In the past seven days, Glo received just over 300 applications to our open positions. We’re really lucky to be receiving so much interest, and we want to give every candidate a fair shake. But the sheer quantity means that on average, we’re spending a few minutes on each application when making a first cut about moving folks on to the next round.
We have a few suggestions for making your application stand out. The one-sentence version: help us understand the connection between your work (and your values) and Glo’s work (and our values).
We get a lot of applications from folks who, apparently, send dozens of resumes out at a time without doing a lot of research or customization. That might work for some people at some places, but at Glo, as our CTO put it at a company retreat, we hire based on “mission fit.” We’re looking for people who are excited about providing basic income to people in extreme poverty.
If your previous work experience was at a basic income NGO, great! We can probably infer mission fit. If your experience is totally different, perhaps let us know why you’re looking to make a shift to a mission-centric organization? This isn’t strictly necessary, but we appreciate when people help us connect the dots. A brief cover letter, or a post in our Discord (we have a #jobs-at-glo channel!), or really anything that makes the alignment clear can really help.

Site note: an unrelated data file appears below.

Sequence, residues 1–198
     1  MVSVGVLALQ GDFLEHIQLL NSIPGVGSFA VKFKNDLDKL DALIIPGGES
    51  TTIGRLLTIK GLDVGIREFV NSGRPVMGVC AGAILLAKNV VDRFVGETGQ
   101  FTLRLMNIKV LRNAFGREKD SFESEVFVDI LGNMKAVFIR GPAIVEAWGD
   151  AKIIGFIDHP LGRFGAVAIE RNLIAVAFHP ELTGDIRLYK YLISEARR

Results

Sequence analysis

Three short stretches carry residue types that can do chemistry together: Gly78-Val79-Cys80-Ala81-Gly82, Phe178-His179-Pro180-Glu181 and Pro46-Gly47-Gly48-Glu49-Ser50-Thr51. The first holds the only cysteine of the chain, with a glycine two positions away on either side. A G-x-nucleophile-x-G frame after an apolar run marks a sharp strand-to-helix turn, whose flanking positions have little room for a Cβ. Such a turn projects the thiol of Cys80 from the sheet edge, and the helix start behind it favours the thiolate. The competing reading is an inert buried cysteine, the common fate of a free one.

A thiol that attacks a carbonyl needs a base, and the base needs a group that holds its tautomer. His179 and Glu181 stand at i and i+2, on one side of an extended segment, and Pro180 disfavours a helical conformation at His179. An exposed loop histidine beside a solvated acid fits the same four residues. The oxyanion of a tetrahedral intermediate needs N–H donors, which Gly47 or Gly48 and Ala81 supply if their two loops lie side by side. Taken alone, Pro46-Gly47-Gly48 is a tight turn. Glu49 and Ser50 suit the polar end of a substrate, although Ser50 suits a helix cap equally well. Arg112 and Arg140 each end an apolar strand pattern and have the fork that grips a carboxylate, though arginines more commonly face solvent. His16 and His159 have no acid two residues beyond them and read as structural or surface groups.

A lot of advice on the internet about cover letters is about the details—how to format it, whom to address it to, etc. To be candid, we don’t care about that. (Most startups don’t.) Your cover letter, should you choose to write one, can be brief, to the point, and informally styled.
This is the cover letter, verbatim, that got me (Seth Green, Researcher-Writer) an interview at Glo:
(By “few minor suggestions” to the white paper I actually meant like 200 proposed changes 😉)
Please don’t copy this cover letter! The point is that you can write something that’s authentic to you, and you can write it like you’re communicating one human being to another.
We get a lot of applications from folks whose previous job experience is not obviously connected to the role they’re applying to. That’s totally cool, I myself have never had a job title more than once. But we’re not going to make that leap of understanding on your behalf. If you’re applying to be Lead Writer and you’ve never been employed as a writer before, show us your portfolio! This is not a position for someone who just likes to write; it’s for someone who will lead the entire company on language matters. A track record of doing that kind of work is ideal. Otherwise, show us something you’ve written that reveals that kind of potential.